(Critical Survey of Literature for Students)

Eddie, a middle-aged longshoreman, works the docks in the Red Hook district of Brooklyn in the mid-1950’s. Alfieri, a first-generation Italian immigrant, practices law in the neighborhood. Eddie lives with his wife Beatrice and his seventeen-year-old niece Catherine. Both have open affection for Eddie.

It becomes almost immediately clear that the affection between Eddie and his niece may be unhealthy, planting the seeds for discontent. This relationship is quickly demonstrated when Catherine decides to leave secretarial school early in order to accept a lucrative job, one that Eddie fears will expose her to untrustworthy men. His desire at first appears to be to protect her. It quickly becomes clear, however, that Eddie has unarticulated and perhaps unconscious desires to possess Catherine himself. Eddie’s wife, Beatrice, sees the situation clearly, but she lacks the ability to confront her husband with her concerns. Instead, she becomes Catherine’s primary supporter, urging her to take the job, to accept her emerging maturity, and to enter the world as an adult. All these urgings are made in spite of Eddie and his adamant protestations to the contrary.

Beatrice’s two cousins, Marco and Rodolpho, are on their way to Brooklyn from Italy, and they plan to stay in the Carbone apartment until better accommodations can be arranged. They arrive, two illegal immigrants, and their impact on the Carbone household is felt immediately. Eddie experiences an instant dislike for Rodolpho, who sings in a high tenor voice and welcomes traditionally female tasks. In addition, Rodolpho is blond, evoking tales of Danes who came to Italy in the ancient past and left their legacy in the form of pale hair and skin. To make matters worse, the immigrant, who has difficulties at work with the other longshoremen because he is too effeminate, is attracted to Catherine, and she returns his feelings.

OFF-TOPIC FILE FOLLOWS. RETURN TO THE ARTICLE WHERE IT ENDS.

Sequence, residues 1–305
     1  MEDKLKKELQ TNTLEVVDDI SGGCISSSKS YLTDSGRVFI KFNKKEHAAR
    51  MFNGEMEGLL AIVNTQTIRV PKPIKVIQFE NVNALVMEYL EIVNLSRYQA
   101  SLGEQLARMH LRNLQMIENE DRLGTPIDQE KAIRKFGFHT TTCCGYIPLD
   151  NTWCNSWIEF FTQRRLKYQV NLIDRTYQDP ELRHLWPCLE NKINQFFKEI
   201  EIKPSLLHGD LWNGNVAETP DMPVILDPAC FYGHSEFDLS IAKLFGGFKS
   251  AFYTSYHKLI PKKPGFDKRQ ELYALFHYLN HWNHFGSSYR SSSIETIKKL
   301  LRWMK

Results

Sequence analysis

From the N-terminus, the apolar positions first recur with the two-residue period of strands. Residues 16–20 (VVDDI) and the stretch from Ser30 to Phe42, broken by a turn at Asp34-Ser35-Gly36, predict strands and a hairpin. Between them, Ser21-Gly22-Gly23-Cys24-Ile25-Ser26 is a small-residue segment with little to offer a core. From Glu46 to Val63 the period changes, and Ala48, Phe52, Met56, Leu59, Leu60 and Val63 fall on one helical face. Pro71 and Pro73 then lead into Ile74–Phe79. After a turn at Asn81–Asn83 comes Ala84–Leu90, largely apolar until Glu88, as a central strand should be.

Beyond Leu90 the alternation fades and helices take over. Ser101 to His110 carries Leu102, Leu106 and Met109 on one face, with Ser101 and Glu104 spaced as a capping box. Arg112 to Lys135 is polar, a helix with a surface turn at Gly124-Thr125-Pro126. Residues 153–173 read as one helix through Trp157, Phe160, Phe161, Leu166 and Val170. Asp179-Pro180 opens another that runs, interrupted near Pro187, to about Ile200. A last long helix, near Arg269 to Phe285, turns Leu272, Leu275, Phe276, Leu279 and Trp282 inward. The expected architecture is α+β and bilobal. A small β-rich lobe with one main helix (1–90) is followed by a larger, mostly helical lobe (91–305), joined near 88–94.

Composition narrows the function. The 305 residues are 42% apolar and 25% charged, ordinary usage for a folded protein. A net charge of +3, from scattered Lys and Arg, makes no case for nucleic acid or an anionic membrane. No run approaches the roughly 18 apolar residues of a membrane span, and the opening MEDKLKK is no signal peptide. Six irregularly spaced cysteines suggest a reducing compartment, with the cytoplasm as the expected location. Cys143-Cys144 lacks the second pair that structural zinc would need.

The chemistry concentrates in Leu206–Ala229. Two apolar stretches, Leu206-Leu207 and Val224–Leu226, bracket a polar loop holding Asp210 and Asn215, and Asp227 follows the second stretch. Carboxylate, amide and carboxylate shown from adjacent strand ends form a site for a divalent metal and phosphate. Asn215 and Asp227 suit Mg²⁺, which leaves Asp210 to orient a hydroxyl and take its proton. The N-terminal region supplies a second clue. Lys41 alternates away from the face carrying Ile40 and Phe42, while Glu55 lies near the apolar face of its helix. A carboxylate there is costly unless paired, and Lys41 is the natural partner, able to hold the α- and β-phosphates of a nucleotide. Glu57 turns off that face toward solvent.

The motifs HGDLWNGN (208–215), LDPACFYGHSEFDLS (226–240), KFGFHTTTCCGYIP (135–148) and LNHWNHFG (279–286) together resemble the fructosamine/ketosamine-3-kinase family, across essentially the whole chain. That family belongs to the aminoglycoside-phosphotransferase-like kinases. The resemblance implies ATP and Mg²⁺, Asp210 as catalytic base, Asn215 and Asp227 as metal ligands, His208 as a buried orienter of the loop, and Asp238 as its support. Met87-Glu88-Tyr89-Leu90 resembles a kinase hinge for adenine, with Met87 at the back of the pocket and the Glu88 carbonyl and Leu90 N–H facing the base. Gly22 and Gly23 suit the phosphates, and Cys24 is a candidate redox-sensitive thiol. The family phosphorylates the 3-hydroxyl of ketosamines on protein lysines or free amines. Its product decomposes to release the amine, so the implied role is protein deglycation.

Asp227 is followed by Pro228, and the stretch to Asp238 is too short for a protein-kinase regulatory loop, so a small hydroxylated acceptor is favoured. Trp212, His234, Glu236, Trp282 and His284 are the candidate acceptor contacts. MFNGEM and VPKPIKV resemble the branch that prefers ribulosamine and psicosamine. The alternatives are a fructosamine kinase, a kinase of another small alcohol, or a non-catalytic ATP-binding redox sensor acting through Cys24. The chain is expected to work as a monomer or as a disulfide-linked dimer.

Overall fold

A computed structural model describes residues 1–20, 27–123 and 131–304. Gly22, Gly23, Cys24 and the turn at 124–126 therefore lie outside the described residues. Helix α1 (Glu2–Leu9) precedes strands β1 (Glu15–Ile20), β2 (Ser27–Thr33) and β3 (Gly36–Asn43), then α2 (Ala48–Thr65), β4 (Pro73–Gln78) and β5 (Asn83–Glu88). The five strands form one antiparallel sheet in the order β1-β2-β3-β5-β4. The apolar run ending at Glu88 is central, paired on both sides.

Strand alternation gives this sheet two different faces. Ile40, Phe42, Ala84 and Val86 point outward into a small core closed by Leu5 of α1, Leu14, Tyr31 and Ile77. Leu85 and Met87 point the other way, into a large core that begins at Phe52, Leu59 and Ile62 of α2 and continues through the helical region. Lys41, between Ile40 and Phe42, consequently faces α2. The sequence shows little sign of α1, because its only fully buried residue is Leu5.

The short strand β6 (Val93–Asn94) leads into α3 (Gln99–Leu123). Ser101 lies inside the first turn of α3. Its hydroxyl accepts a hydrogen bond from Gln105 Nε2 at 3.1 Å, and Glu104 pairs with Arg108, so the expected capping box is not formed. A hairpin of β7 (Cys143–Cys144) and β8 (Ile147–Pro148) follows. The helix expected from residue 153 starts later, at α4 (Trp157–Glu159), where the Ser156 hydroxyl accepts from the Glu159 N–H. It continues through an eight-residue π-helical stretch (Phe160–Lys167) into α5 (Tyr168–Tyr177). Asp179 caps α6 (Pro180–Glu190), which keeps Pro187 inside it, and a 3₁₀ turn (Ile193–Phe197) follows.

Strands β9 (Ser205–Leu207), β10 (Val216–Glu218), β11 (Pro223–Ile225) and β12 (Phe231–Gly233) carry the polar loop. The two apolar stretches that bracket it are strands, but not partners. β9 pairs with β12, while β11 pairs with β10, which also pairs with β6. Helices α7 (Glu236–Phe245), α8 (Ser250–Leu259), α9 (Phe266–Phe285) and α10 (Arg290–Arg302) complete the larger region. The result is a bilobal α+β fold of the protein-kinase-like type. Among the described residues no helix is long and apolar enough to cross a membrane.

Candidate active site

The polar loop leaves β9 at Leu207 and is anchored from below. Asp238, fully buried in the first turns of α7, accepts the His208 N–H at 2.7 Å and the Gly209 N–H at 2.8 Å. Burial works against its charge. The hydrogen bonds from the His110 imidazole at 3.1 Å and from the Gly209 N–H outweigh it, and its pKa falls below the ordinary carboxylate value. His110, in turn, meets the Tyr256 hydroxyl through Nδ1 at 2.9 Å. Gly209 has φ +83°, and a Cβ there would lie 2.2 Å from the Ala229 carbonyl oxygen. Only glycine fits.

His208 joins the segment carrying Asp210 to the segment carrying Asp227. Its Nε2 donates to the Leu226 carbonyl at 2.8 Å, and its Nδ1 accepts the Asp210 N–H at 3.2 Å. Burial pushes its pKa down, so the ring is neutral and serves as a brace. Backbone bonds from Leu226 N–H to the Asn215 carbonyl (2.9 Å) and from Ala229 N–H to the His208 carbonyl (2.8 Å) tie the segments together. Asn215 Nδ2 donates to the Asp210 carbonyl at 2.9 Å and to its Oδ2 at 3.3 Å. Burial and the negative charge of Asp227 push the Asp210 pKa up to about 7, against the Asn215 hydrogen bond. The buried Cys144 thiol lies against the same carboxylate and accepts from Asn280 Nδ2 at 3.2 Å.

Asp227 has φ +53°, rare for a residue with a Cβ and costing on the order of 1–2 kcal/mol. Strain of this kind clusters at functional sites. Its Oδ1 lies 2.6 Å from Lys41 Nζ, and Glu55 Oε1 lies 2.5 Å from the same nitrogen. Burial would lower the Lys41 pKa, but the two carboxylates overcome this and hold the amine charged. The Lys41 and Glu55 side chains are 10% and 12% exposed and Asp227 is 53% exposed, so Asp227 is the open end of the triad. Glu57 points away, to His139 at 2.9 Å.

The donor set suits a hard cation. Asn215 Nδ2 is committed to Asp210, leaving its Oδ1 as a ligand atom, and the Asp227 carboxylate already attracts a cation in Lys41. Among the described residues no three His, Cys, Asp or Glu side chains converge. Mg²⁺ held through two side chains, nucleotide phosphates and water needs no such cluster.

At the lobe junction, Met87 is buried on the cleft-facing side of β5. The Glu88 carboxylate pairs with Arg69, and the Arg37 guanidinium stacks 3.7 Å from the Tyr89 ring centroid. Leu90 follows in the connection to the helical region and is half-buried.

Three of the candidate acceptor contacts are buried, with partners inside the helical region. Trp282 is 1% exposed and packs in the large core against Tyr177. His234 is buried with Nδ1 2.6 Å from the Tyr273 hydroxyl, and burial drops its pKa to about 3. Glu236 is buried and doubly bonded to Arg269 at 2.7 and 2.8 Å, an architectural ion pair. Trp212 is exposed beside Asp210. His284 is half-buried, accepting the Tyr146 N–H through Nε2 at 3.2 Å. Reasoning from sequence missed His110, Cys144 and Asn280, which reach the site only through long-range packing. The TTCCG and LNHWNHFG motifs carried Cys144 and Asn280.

In Eddie’s assessment, something is wrong with Rodolpho. Eddie’s desire for his niece is exacerbated by her growing affection for her second cousin. Eddie visits Alfieri, the lawyer, seeking some legal protection for his family. Eddie believes that Rodolpho is after his niece for one reason only: to gain American citizenship through marriage. Alfieri relates to Eddie that the only...

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(Critical Survey of Literature for Students)

Brater, Enoch, ed. Arthur Miller’s America: Theater and Culture in a Time of Change. Ann Arbor: University of Michigan Press, 2005. Contains a valuable section on A View from the Bridge and its place within the culture of its development.

Epstein, Arthur D. “A Look at A View from the Bridge.” In Critical Essays on Arthur Miller, edited by James J. Martine. Boston: G. K. Hall, 1979. Provides valuable insight into the play, with emphasis on characterization.

Miller, Arthur. Arthur Miller: Eight Plays. Garden City, N.Y.: Nelson Doubleday, 1981. This collection contains, among seven other works, A View from the Bridge, as well as a valuable introduction by the author that addresses many aspects of his dramaturgy.

_______. Echoes Down the Corridor. New York: Viking Press, 2000. In his second autobiography, Miller offers insights into his thinking as he approached the writing of such dramas as A View from the Bridge.

_______. The Theater Essays of Arthur Miller. Edited by Robert A. Martin. New York: Viking Press, 1978. This collection contains many of Miller’s writings on the theater in general, most notably “On Social Plays,” an essay that clearly identifies the author’s commitment to works of social importance.

Otten, Terry. The Temptation of Innocence in the Dramas of Arthur Miller. Columbia: University of Missouri Press, 2002. Provides insights into the world of Miller’s dramatic works, exploring particularly the playwright’s representations of innocence and its tragic fall.